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An interview on ‘Leadership towards innovation’
February 27, 2014
The impatience of the 21st Century
March 24, 2016
Towards WE & BEYOND – Impressions from a shared journey Part XIV
June 17, 2014
If in order to find the meaningful, life-supporting questions, we need to move from security, standardisation, formalisation and maintenance to curiosity, creativity, diversity and generation ... how can this be done? Which (new) skills and attitudes need to be (re-)considered?
We found the simple, possibly somewhat surprising answer in DIALOGUE.
What is special about dialogue? What makes it different from discussion or debate or conversation?
Let's look at definitions.
A debate is a formal contest in which the affirmative and negative sides of a proposition are advocated by opposing speakers. It's goal is to come to a decision.
A discussion is an act or instanceof consideration or examination by argument, commen, etc., especially to explore solutions; informal debate. It also tends to be about particular positions being taken.
A dialogue is a conversation between two or more persons. A dialogue is about inviting different viewpoints and opinions, it is about exploring alternatives and options. It's all about an exchange of ideas or opinions on a particular issue, especially a political, religious or scientific issue, with a view to reaching an amicable agreement or settlement, with the view to reaching shared understanding. Dialogue is about creating a win-win situation rather than creating winners and losers.
Dorothea was quite surprised when she discovered David Bohm's book "On dialogue". David Bohm is a scientist with specialist expertise on quantum mechanics. Why would a physicist find 'dialogue' important enough to write a book about it? It's because if a group of people - even if all of them are scientists, yet with different areas of expertise - explore uncharted territory together, stretch the boundaries of existing knowledge, they somehow need to communicate. How do diverse groups communicate in a constructive way, and where everyone truly understands each other? This is not a trivial question as all of us have developed our own set of lenses through which we see the world. These lenses are a reflection of our experiences which in turn shape our implicit assumptions and deep beliefs. Each and everyone has such lenses and, even though we might not be aware of it, act as filters to all we see and hear, and they will influence on how we use and understand language. This is why ' communication across communities' is often difficult. Who has not been in a conversation where we feel misunderstood, not listens too, in conflict with someone only to discover later that it was a misunderstanding?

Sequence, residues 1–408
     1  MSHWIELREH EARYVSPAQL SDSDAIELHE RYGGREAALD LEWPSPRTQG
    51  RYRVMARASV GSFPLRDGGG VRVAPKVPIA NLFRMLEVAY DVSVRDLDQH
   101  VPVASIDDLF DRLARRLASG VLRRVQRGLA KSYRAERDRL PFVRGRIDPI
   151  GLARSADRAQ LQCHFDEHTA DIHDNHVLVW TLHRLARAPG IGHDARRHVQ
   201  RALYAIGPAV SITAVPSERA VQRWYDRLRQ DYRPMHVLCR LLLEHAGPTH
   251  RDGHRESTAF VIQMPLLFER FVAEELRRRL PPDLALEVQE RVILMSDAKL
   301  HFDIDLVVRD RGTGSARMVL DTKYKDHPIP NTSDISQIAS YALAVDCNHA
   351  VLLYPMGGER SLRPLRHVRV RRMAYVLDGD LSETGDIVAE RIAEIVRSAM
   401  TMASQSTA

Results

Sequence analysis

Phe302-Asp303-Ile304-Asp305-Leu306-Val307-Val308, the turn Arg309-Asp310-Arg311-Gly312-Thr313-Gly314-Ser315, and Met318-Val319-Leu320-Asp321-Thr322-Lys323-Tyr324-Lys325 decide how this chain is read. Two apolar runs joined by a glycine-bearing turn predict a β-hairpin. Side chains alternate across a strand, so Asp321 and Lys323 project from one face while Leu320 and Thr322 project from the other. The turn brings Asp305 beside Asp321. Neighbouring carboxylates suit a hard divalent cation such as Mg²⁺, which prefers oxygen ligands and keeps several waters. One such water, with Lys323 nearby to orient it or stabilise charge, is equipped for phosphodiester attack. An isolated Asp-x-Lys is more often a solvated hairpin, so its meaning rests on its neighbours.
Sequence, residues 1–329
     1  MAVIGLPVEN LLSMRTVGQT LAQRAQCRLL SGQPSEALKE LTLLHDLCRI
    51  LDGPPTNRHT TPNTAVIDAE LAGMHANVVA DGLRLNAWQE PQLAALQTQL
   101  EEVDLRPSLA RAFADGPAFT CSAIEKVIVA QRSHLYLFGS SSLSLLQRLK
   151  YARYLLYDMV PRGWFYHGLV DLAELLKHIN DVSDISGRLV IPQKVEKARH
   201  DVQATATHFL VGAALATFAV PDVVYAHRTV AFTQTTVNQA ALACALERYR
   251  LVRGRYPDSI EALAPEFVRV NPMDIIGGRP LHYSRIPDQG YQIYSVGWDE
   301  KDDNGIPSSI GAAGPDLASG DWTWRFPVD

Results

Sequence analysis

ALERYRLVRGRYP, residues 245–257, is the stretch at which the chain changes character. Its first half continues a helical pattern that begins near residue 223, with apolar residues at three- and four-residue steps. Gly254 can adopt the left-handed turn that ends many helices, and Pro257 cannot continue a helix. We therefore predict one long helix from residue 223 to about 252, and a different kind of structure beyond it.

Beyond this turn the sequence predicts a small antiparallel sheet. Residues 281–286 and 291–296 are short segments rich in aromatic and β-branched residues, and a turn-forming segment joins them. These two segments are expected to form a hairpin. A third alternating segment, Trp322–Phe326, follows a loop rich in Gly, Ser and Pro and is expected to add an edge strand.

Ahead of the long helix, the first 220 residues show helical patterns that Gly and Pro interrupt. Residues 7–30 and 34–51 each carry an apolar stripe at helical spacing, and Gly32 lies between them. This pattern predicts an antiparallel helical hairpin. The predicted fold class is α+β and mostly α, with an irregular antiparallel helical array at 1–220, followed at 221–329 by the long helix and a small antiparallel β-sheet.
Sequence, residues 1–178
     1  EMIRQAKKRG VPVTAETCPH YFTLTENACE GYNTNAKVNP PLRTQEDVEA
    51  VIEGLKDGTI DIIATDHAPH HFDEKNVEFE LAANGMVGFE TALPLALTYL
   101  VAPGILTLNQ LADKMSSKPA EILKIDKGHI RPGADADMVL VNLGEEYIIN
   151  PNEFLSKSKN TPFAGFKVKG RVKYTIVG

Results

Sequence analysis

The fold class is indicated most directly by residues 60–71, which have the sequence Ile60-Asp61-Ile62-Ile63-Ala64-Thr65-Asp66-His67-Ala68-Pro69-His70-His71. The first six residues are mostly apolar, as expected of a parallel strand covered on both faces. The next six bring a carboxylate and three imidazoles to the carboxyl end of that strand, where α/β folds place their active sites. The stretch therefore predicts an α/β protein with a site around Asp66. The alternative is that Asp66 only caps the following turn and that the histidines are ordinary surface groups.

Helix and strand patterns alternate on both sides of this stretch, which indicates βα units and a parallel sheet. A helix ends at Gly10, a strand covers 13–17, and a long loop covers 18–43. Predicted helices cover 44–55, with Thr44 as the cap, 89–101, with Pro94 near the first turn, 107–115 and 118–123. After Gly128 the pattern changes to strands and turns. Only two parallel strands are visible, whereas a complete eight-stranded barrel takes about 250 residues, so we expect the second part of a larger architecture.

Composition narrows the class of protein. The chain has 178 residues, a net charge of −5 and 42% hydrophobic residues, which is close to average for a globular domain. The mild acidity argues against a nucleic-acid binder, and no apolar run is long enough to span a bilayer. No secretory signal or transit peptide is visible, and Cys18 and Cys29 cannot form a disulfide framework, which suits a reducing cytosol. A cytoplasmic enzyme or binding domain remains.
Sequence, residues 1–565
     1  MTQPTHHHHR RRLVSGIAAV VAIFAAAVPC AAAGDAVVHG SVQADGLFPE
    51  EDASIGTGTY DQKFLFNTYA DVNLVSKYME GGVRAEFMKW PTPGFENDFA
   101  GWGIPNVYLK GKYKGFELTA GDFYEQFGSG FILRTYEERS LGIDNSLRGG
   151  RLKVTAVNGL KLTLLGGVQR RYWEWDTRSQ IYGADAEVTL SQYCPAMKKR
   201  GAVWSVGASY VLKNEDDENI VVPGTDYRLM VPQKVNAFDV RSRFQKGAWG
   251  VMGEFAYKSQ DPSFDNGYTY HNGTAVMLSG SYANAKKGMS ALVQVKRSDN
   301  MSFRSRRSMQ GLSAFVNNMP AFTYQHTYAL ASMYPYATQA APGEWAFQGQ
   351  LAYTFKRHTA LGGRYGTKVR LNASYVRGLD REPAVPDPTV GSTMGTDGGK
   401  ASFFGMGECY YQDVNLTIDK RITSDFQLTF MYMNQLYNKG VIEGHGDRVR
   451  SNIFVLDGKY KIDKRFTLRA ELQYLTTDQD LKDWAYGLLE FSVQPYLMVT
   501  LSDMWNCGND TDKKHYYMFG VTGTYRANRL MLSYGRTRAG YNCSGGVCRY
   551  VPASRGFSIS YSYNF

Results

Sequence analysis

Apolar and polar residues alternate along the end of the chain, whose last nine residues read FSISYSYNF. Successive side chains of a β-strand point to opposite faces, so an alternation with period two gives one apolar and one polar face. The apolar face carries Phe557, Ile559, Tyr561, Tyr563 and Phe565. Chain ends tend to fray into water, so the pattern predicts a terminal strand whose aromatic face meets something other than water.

By the way did you know that 'communication' comes from the Latin word commūnicāre, meaning "to share", the activity of conveying information through the exchange of ideas, feelings, intentions, attitudes, expectations, perceptions or commands, as by speech, gestures, writings, behaviour and possibly by other means such as electromagnetic, chemical or physical phenomena?
So where are we? We need to be able to ask meaningful and relevant questions. in order to do that we need to challenge / have our assumptions challenged. In order for that to happen we need people who are different from us, who can bring different experiences and perspectives. Bringing different 'communities' together is a challenge as we see and hear things differently. That's where dialogue and communication come in, and where we come back to David Bohm. Evan Root drawing on the work of David Bohm, has identified a skill set that supports and enables effective communication and we have created the figure below to visualise it:
The conscious use of this "DIALOGUE SKILL-SET" involves:
Listening carefully & without assumptions about 'the' reality,
Suspending previous experiences and understandings,
Observing patiently & conscious our own viewing filters,
Releasing inappropriate, unsuitable or outdated mental models and perspectives,
Holding our idea / concept / interpretation until the time has come to,
Voicing our point of view once we have done all of the above.
More and more people become aware of one of the most fundamental insight of quantum mechanics, Heisenberg's uncertainty principle and relativity theory: the way you pose the question for a good part predicts the answer you receive.
Building on this our fourteenth insight is, dialogue skills are crucial to co-create meaningful questions at the edge of uncertainty.